From Jayne Anne Phillips’s essay “Outlaw Heart” on her web site:
“The writing life is a secret life, whether we admit it or not. Writers focus perpetually on the half-seen, and we live in the dim or glorious shadows of partially apprehended shapes. We could bill ourselves as perceptually challenged—given that we live two lives at once, segueing from one to the other with some distress—but we accept, long before we publish, the outlaw’s mantle. We occupy a kind of border country, focused on the details that speak to us. Ask those who marry us, or those who don’t: we’re too intensely involved, yet never quite present. Perhaps we’re difficult to live with as adults, but often we were precocious, overly-responsible children—not in what we accomplished, necessarily, but in what we remembered, in the emotional burdens we took on. . . .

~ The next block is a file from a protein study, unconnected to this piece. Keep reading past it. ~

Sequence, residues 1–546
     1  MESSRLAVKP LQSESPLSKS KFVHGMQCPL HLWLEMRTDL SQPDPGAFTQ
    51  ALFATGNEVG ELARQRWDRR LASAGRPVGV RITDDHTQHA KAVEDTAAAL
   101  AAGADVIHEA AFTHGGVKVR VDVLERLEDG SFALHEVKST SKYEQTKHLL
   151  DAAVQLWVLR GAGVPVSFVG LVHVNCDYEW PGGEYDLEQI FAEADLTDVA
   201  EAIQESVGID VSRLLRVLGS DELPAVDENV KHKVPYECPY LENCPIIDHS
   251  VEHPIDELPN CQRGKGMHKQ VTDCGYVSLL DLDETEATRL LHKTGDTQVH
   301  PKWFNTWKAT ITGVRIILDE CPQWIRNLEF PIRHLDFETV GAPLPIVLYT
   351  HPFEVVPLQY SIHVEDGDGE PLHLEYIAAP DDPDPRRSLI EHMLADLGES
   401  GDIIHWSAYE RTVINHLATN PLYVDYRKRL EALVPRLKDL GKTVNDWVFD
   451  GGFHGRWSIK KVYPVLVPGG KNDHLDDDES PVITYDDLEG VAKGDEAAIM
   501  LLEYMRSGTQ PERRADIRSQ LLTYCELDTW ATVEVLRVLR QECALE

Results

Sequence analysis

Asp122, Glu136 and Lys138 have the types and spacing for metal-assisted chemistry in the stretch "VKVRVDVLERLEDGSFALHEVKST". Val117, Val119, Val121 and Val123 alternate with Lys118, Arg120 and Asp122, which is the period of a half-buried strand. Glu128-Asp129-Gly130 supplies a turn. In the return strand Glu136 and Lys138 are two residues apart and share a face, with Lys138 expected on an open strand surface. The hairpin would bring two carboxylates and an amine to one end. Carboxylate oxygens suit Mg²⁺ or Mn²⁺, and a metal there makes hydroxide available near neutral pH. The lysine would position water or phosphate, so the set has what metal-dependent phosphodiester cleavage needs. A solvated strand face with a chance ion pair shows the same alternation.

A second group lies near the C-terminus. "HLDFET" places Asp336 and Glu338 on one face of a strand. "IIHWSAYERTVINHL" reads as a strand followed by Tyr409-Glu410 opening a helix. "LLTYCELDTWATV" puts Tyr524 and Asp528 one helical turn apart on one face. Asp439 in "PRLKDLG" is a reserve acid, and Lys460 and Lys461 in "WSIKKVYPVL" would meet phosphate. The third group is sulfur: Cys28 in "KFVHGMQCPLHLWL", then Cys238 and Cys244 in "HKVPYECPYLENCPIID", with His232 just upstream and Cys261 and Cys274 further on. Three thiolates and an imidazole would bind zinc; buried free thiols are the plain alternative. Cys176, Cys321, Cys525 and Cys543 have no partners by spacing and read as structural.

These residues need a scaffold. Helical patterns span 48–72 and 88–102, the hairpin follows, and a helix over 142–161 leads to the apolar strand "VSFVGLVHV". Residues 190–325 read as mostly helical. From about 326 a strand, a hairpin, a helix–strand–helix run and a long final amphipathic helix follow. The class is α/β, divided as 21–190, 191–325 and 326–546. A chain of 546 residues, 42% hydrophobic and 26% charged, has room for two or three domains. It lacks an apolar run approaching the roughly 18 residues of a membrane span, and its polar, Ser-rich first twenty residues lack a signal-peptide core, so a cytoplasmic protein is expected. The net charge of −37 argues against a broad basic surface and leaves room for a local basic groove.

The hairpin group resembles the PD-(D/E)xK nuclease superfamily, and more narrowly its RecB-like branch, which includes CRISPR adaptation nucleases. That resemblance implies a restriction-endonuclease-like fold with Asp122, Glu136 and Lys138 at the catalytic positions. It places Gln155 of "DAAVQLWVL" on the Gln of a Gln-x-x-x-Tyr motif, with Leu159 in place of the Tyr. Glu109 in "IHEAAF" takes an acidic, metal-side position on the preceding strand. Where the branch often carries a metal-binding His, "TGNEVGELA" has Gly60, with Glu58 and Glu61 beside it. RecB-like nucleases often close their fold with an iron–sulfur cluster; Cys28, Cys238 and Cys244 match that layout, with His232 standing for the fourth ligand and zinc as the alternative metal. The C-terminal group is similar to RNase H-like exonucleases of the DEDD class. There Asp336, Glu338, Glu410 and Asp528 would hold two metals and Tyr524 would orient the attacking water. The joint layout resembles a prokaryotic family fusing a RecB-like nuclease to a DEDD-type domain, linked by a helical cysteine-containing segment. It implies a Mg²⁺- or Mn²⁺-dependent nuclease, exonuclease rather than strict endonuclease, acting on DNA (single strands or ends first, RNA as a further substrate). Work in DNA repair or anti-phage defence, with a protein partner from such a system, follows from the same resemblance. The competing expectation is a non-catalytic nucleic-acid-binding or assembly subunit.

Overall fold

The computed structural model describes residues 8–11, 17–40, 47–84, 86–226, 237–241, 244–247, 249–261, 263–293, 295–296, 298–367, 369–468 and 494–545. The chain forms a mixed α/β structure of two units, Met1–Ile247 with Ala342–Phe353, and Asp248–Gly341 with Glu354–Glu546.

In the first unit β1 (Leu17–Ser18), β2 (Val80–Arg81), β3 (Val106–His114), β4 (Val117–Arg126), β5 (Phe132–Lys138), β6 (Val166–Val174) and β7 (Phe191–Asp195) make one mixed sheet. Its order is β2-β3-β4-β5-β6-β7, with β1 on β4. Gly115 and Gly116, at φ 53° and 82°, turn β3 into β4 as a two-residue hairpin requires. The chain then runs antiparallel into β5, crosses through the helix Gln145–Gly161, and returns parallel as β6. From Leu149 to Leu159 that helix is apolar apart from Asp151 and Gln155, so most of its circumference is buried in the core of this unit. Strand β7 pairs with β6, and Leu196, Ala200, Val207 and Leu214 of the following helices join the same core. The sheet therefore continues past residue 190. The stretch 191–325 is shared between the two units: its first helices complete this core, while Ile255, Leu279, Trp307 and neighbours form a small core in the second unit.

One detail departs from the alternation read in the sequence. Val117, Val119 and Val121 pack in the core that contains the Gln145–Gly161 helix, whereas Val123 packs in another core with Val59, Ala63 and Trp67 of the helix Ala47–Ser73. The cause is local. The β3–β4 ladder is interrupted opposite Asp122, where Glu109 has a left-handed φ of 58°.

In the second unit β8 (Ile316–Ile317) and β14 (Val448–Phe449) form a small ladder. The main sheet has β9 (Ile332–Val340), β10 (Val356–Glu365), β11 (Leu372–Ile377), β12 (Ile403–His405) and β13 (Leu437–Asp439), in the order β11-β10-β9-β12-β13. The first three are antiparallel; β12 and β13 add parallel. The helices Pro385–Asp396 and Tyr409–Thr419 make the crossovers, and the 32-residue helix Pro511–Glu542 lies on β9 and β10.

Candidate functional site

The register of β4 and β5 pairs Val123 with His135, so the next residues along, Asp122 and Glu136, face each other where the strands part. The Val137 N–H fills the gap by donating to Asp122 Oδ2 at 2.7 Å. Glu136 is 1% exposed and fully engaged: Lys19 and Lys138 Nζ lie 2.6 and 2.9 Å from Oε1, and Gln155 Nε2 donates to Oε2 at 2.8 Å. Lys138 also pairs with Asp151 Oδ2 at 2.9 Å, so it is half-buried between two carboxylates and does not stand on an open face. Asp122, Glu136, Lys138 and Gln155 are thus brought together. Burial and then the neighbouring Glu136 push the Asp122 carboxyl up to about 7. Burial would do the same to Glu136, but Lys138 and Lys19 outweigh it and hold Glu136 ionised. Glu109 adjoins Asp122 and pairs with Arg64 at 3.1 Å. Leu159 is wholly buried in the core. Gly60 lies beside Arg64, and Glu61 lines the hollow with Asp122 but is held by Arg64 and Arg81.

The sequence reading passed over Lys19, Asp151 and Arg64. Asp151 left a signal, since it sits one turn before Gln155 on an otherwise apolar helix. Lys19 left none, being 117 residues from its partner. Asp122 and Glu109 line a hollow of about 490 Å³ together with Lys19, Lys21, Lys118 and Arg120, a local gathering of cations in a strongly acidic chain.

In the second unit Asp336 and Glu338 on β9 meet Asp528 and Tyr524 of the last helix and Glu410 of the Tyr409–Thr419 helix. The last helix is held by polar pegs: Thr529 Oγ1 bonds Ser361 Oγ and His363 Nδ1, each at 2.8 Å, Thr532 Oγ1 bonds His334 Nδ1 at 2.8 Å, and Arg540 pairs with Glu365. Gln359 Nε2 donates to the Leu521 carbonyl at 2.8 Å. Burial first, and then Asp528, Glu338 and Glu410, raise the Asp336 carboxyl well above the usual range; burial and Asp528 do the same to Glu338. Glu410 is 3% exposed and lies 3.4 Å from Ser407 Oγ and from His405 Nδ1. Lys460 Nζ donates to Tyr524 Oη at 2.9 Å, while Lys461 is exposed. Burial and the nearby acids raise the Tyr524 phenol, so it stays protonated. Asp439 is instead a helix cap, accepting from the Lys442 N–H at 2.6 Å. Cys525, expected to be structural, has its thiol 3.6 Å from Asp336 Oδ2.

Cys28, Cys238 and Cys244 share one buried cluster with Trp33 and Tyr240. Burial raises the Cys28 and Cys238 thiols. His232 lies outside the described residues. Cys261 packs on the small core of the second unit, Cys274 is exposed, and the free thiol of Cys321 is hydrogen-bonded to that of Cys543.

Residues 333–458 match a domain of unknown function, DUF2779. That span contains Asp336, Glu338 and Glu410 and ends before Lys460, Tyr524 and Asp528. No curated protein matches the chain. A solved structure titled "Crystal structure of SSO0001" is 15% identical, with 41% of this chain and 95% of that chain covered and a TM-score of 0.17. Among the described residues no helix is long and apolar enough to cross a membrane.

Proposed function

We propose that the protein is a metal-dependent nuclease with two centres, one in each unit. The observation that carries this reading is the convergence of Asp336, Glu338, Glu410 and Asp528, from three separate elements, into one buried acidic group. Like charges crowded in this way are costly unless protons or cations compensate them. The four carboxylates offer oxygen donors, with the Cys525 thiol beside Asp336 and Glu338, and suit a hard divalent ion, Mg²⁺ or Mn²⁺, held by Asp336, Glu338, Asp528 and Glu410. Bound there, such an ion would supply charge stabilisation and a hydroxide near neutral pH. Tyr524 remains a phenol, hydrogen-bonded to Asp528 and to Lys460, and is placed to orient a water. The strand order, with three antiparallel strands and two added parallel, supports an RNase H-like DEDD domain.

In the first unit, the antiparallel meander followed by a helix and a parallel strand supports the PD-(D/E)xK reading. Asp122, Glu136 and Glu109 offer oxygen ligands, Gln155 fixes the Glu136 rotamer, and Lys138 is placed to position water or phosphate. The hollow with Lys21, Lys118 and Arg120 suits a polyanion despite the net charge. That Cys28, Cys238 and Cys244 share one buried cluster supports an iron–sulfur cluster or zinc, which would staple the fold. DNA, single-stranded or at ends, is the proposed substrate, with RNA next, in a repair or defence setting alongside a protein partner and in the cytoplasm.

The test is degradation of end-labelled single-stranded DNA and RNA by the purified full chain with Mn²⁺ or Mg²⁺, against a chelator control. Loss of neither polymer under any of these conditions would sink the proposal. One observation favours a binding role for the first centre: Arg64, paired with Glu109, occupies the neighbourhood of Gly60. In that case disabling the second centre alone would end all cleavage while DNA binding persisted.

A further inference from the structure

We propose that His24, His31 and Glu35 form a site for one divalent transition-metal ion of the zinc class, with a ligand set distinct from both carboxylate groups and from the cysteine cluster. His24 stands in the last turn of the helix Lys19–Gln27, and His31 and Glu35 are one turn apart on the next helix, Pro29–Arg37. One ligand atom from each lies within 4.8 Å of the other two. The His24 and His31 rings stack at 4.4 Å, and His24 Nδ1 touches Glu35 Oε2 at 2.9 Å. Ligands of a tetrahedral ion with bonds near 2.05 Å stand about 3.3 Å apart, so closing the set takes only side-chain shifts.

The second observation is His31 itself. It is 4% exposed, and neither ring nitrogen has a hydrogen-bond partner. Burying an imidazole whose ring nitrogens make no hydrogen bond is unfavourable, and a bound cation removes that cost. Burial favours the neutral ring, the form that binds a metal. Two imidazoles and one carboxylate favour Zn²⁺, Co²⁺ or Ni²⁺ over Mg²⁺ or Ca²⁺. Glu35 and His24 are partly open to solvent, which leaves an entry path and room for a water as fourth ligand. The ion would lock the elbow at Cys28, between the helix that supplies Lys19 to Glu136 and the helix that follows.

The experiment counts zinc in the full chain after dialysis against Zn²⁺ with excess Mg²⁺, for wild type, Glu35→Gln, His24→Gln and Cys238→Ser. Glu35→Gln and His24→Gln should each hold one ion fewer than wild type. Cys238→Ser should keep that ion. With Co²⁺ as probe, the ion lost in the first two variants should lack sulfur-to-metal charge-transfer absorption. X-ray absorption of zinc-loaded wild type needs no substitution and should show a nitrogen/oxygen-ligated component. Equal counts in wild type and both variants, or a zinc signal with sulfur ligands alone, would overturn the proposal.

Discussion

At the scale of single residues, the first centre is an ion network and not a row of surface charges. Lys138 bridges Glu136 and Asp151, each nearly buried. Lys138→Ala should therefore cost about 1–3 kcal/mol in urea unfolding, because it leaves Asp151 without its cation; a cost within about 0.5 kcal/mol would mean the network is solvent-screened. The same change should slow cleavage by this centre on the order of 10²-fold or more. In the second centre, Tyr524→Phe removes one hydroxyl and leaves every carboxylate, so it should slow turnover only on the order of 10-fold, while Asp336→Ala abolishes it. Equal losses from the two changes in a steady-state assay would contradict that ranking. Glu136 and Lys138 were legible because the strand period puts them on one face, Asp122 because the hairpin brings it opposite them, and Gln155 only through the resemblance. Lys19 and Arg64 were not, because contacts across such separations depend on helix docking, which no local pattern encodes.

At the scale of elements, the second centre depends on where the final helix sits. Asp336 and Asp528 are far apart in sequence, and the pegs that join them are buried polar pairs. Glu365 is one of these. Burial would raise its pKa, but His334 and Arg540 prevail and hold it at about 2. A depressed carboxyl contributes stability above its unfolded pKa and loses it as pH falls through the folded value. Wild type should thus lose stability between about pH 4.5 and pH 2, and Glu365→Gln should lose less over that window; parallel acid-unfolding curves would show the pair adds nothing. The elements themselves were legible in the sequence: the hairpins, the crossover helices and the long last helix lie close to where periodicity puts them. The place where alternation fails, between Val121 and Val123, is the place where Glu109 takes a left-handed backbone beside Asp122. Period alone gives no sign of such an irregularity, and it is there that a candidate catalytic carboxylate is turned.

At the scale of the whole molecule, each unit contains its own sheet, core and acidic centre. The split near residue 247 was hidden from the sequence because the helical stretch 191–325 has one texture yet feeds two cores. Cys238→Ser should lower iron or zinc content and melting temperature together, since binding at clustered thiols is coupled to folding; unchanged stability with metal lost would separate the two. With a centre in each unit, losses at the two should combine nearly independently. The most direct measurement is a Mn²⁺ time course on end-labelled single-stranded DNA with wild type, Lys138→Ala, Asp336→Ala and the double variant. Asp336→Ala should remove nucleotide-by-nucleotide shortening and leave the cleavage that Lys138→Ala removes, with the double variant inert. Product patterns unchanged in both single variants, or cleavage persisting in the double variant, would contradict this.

“Writers begin as readers, and words become a means of survival. At some juncture deep within family life, the child sees in written language a way to embrace her own burden. When I was young, words themselves seemed secret because I read them in my mind and no one else could hear. Knowledge was often secret; the most interesting things were repeated in low tones.”